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Oettinger: Energy savings target still possible | Europe

Oettinger: Energy savings target still possible

The European Commission and the Danish EU presidency said the Energy Efficiency Directive could "realistically" come together in the next couple of months, despite member states' consistent watering down of the proposal.

"I think realistically a solution is possible under the Danish presidency," Energy Commissioner Günther Oettinger told journalists on Friday (20 April) after an informal energy council meeting in Horsens, Denmark.

A deal to deliver a 20% energy savings target is still be possible by 1 July, the commissioner said.

"The real message was that there was no blockade from anybody," Oettinger added, referring to meeting in Horsens. "My hope is we can come to a solution in June in an ambitious manner that will realise this 20% target."

Since it took over the rotating EU presidency in January, Denmark has been aiming to reach an agreement on the directive by 1 July, when its chairman role comes to an end. 

"I feel this is the most constructive discussion we have ever had in the Council [of ministers] on this file," said Martin Lidegaard, the Danish climate and energy minister.

EU countries have been rejecting the binding 20% savings target of the energy efficiency bill, which has entered its last negotiation phase.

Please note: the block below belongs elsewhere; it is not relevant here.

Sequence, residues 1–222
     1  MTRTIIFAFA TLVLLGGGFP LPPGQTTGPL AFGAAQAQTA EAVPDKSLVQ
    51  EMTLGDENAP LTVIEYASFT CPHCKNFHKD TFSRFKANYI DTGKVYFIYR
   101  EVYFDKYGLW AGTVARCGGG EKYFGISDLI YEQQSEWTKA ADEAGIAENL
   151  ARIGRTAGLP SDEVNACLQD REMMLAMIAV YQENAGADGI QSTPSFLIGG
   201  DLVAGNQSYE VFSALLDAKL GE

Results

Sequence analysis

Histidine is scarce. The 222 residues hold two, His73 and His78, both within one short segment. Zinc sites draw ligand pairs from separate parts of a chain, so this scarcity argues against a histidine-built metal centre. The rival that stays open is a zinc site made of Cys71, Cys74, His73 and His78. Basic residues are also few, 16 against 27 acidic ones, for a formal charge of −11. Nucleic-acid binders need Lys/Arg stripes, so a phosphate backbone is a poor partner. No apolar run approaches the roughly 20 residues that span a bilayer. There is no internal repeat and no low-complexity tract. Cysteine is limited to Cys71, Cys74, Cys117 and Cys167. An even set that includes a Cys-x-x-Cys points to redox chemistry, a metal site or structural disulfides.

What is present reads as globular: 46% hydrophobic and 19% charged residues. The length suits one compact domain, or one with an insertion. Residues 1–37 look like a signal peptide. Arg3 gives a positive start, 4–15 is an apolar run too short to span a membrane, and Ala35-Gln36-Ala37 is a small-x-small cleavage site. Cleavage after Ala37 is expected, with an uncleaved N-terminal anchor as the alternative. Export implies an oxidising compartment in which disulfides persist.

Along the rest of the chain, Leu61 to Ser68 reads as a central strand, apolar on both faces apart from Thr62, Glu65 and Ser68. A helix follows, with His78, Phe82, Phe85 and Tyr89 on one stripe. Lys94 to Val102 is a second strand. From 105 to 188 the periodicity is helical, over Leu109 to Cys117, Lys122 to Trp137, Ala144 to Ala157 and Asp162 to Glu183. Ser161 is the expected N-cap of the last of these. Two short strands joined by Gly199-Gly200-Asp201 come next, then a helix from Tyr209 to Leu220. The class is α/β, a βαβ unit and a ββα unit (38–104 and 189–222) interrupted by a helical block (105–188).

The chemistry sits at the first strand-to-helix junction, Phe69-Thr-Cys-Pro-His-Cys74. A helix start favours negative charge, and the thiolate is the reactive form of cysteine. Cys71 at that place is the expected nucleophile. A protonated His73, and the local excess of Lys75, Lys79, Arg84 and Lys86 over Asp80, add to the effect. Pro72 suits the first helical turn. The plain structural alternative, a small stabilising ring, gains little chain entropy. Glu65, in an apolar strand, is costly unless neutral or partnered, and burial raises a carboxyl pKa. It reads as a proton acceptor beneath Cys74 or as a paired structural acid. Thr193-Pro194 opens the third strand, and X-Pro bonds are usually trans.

Energy saving is the only one of three 2020 green targets the 27 member states are legally bound to reach.

The energy efficiency bill has been the subject of thorny debates in the so-called "trialogue" meetings between the Commission, Council and Parliament. Its main provisions have been watered down so much during the talks that only 38% of the initial savings proposed by the European Commission can now be achieved, the EU executive has warned.

The Danish presidency  said arguments about the potential of the law to drive growth by creating jobs in housing renovation, and in cutting dependency on foreign oil and gas, were beginning to outweigh anxiety over initial costs.

"There is still a lot of work to be done, a lot of compromises to be achieved, and it will take flexibility from our side but also from the Parliament's side and the Commission's side if we are actually to succeed in landing this directive," Lidegaard said.

The process of getting all the parties to agree on a final legal text of the energy efficiency directive continues this week after a very difficult round on 11 April.

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Posted by Gloria Llopis | 2012-05-22